When a pair of classic ULEB Cup teams meet on Tuesday with a spot in the quarterfinals on the line, all eyes will be on Ventspils center Dusan Jelic. The veteran big man missed the first leg through illness, but will be back to try and guide the Latvian champions to a big victory over a former ULEB Cup champion, Hapoel Jerusalem, that won their first game by 15 points. Jelic has been in tough spots before during a lengthy career that has seen him play in six different countries. He even faced Hapoel Jerusalem three years ago at the same stage of the competition. In this ULEBcup.com interview, Jelic talks about the fans at Ventspils, how much longer he plans to play and the strength of the competition in the ULEB Cup. But what interests Jelic most are his team's chances on Tuesday. "We're all confident that we can win at home," Jelic told ULEBcup.com. "Aggressiveness is important. We have nothing to lose. I think we have enough experience to do it."
Next week, you and your teammates host Hapoel Jerusalem in a do-or-die game for a ticket to the ULEB Cup quarterfinals. What is your mindset heading into that encounter?
"I didn't play in the first game and, of course, they have a 15-point lead. They have a lot of ups and downs. They are a good home team, but not so good away. They have a good team. It will be very tough to play this game. I believe we can win, but it is do-or-die."
Surely it was no fun for you to miss the first game due to illness. Did you see anything while watching that you can help your team with in the second game?
"I think our problem was defense in the first game. I bring experience and presence inside. The main problem was with their zone defense. We have a problem against zone defenses. But if we shoot good at home, we can break their zone. Of course, they have a big lead. I wish it was less, but there is nothing we can do about that now."
You have quite a bit of experience in do-or-die games, even having faced Hapoel in the same stage of the ULEB Cup three years ago. What does your experience tell you that Ventspils has to do in the rematch?
"I played Hapoel three years ago with Prokom. It was unbelievable. They passed us and went on to win the whole competition. We lost there by 10 and won at home by 9. We are like the same team as Hapoel. If we shoot well, we can win. If not, we will lose. I think the main thing for us to win is to score 80-90 points. That's the style of Latvian and Eastern European basketball. Lots of running and three-point shooting. They have the upper hand, but we cannot be underestimated."
You've seen a lot of two-game series. Do they require a different mentality than normal games, or best-of playoffs?
"First of all, when I saw the draw, I knew it would be hard. We could have had Crvena Zvezda or even Hemofarm, which was the weakest team in the third level. Israeli teams are always tough, with good American and foreign players. In two games, it's very bad that we lost the first by 15. But I talked to my teammates when they returned. Okay, maybe we could have lost by only six or seven, but we're all confident that we can win at home. Aggressiveness is important. We have nothing to lose. I think we have enough experience to do it."
BK Ventspils is known for its great play on its home floor. How much of an advantage is it to play the deciding leg at home?
"The truth is that some of the best games we played this season were away. We have a good crowd at home. I think we are one of the oldest clubs in the ULEB Cup. Our crowd is like our sixth man on the court. I can't wait for it to start."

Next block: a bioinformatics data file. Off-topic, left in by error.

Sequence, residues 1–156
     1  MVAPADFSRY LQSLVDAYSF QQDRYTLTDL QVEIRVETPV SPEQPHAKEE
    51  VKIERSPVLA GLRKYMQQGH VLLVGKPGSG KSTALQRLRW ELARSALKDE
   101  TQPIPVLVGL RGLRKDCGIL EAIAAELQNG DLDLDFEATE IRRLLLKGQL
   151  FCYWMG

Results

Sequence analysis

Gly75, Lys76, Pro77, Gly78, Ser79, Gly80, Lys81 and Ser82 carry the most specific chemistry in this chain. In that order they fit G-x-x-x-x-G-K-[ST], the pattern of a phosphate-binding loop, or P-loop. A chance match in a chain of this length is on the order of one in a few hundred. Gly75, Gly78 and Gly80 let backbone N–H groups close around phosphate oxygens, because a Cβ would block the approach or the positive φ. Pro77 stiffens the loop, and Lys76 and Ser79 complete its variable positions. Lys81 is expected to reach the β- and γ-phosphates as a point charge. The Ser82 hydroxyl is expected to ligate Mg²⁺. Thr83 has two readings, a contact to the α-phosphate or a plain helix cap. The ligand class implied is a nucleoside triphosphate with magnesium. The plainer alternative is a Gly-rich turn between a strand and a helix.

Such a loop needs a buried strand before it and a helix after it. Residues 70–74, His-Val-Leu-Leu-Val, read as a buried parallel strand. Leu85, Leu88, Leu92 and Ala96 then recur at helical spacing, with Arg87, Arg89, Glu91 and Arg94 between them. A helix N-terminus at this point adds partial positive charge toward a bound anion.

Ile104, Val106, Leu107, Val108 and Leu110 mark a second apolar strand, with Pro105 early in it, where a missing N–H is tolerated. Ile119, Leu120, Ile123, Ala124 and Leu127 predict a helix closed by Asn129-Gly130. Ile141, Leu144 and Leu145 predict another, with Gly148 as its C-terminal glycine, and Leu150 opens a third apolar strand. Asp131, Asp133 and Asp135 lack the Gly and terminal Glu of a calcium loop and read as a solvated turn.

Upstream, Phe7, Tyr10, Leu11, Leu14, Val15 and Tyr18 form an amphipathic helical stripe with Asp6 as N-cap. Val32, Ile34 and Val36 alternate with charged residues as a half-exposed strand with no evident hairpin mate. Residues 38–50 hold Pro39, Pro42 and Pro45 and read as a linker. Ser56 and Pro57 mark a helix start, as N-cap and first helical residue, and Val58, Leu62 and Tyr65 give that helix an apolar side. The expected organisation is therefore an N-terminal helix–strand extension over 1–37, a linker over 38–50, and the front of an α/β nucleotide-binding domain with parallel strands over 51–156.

How does the atmosphere at Ventspils Nafta Hall compare with some of the other great arenas you've played at?
"Our fans are like family. I can't say we have crazy fans, but it's packed. Not too big, but crowded. I believe once we start playing, we really want to do this. We have very good chemistry between the fans and the team."
Latvia is sixth different country you've played in during your career. What has the experience to play in so many different places taught you about basketball and life?
"Markets move from place to place. I can say it's a good thing, because people know I am a Serb with Greek nationality, so I never have problems. I hope to play seven or eight more years if I'm healthy. Other countries I'd like to play in are Russia and Germany, even though I spent a few months with Alba Berlin some years ago. I've been lucky to play in some of the best leagues. Basketball here in Latvia is going up. Last year it was only Ventspils, but now there are three or four good teams. The Baltic League is a prestigious league. For the first time in my life I'm playing three games a week. Maybe a game in the Latvian League on Saturday and then ULEB Cup on Tuesday and Baltic League after that. It's like an NBA schedule."
This is the third season that you've played in the ULEB Cup. What can you say about the progress of the competition over the last few years?
"I think that this year there are really good teams in the ULEB Cup. And it's been that way for a few years. Three years ago, when Hapoel played Real Madrid in the final, a reporter from Spain called me to ask who I think will win. I said Real will win because it's Real Madrid. But Hapoel won. All of the players want to play in the Euroleague, but the difference between the Euroleague and the ULEB Cup is not so big like the difference between the ULEB Cup and the FIBA Cups."
One of the crucial individual matchups against Hapoel is inside, where you will face the 2005-06 Regular Season MVP Mario Austin. How do you see that battle?
"I don't think about that. I never do, I just go out there and play. I know that Austin is not tall, but he's very strong and plays the five position. But I don't think about that. I'm confident in my ability."
Thursday, February 8, 2007